HUNTSVILLE, Ala. – How do you become one of the fastest swimmers in the world?
As area alumni spark recollections, two key factors initially come to mind. Without them, they feel their amazing feats would not have taken place. The reoccurring theme is a combination of friendship and fun. The pair bond and form an intricate building block to sticking around the grueling sport long enough to achieve success.
The Huntsville Swim Association hosts the Red vs. Blue Intrasquad Meet at 9 a.m. on Saturday, Sept. 17, at the Brahan Spring Park Natatorium. HSA will also host an alumni event at the meet, along with other activities for the alums during the weekend.
“We’ve had a really good response to our upcoming alumni weekend,” HSA Head Coach Matt Webber said. “We’re looking forward to having a bunch of different generations in town to show off what we are doing and also what the city of Huntsville is building. I think a lot of the alumni take a lot of pride in the city of Huntsville, whether they live here or not. We want them to know what they’ve done is huge to what we’re accomplishing today, the foundation that they’ve built.”
Dr. John Piersma competed in the 1996 Olympics in Atlanta, Ga. He joined HSA at age 9. Piersma swam for Warren Holladay and Brooke Pate. He became a United States National Champion in 1992, winning the USA Swimming Long Course National Championship in the 200-meter freestyle in Mission Viejo, California. His Southeastern record still stands today.
He graduated from Grissom High School in 1993 and earned a swim scholarship to the University of Michigan. Piersma made the 1996 USA Olympic Team, after finishing first in the 200 free and runner-up in the 400 at the Trials.
“The first thing that comes to mind in all honesty about swimming is being around a wonderful group of friends,” Piersma said. “I think about the early morning natatorium practices at 5 a.m., getting up and swimming at that hour with a group of people who are near and dear. We had a lot of camaraderie and all of it was driven by our amazing coach, Brooke Pate. He made it easier, he made it fun. He helped us in a lot of unique aspects of our lives, whether it was a life coach, swim coach, or just being there to be a friend.”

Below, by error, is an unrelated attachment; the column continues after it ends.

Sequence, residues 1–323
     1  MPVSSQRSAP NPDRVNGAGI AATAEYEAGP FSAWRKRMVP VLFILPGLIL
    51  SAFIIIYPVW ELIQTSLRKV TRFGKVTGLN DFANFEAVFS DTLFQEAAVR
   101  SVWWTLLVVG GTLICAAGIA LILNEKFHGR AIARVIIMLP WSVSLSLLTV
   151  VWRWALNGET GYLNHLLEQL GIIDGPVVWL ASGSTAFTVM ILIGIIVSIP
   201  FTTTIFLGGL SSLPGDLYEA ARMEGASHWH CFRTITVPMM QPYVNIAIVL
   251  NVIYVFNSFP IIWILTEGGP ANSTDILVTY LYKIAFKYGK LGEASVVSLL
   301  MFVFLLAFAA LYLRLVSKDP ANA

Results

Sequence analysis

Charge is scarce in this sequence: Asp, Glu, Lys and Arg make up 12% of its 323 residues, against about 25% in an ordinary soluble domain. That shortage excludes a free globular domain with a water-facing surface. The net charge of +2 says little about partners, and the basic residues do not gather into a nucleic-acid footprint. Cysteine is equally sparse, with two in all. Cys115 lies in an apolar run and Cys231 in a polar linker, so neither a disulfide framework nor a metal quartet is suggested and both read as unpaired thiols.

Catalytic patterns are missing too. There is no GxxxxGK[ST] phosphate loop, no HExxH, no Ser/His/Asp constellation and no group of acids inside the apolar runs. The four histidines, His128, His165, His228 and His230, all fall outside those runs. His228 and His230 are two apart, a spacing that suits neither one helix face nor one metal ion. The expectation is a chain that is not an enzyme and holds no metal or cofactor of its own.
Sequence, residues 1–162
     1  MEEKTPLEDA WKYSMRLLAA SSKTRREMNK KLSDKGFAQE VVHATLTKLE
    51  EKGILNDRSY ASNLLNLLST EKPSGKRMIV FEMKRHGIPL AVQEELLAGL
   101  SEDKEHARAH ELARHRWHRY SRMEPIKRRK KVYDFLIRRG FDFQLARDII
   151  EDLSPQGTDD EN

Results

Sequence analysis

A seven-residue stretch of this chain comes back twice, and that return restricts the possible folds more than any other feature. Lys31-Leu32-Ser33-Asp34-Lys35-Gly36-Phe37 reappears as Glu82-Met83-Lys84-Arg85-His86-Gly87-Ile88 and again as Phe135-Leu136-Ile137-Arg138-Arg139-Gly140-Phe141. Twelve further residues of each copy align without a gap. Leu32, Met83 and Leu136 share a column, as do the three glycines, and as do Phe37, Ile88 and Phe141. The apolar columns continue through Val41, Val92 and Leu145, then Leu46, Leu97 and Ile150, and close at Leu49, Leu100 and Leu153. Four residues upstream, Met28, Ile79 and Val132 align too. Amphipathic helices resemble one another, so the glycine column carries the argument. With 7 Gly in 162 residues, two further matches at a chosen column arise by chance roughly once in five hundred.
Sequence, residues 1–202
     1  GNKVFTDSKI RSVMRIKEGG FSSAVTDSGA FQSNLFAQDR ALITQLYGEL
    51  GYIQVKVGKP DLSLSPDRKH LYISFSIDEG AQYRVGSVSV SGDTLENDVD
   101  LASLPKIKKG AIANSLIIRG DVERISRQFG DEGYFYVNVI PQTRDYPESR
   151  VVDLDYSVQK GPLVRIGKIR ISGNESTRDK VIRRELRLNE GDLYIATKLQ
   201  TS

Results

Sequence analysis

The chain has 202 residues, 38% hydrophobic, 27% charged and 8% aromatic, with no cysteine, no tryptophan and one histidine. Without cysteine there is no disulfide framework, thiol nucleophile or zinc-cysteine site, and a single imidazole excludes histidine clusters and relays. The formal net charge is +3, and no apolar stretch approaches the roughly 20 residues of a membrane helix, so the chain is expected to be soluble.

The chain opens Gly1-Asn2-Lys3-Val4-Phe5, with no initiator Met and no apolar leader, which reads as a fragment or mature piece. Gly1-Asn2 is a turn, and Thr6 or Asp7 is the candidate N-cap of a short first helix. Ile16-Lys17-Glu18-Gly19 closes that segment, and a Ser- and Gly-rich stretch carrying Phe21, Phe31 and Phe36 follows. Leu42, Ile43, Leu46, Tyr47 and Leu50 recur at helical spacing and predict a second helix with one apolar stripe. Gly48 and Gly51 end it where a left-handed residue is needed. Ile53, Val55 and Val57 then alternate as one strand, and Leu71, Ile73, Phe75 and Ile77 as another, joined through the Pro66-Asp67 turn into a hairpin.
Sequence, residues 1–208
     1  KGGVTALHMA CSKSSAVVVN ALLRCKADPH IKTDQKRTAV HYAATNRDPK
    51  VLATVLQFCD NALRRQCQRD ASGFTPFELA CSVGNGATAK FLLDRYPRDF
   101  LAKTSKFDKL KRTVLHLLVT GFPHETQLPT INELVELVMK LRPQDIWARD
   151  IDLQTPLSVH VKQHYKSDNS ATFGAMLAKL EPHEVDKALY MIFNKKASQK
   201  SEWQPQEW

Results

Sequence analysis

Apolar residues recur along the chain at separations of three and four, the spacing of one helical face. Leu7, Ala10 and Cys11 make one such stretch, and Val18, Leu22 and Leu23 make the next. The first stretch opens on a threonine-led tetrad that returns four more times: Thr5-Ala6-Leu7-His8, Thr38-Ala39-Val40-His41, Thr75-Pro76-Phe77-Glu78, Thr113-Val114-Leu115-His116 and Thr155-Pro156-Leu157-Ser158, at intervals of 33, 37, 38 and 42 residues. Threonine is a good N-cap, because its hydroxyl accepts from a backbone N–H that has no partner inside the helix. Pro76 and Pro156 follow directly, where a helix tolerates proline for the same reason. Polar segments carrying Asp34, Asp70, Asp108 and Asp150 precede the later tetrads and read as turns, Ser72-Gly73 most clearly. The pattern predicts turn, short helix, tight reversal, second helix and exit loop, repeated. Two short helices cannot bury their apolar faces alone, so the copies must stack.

Piersma received his medical degree from Michigan and completed his residency at the University Of Michigan School Of Medicine. He is board-certified by the American Board of Internal Medicine and is employed in Cincinnati, Ohio. He is married to former Michigan women’s swimming teammate Rachel Gustin. They have two children: Ella (11) and John (7).
Huntsville native Margaret Hoelzer started swimming in 1991, just before she turned age 8. After graduating from Huntsville High School, she went on to become an All-American at Auburn University. Hoelzer competed in a pair of Olympics, winning two silver medals and one bronze at the 2008 Olympics in Beijing, China.
“One of my favorite memories of Huntsville was just being at meets in general as a kid and playing cards,” Hoelzer said. “All of the kids, my teammates and even the swimmers from other teams, would get together and play card games in-between various events. I always really had a lot of fun.”
Hoelzer was a member of Space City Swim Team. Space City was originally formed by Huntsville swim pioneer Fran Norris. Norris was the head coach for eight years and her son, Tim Norris, served as an assistant coach.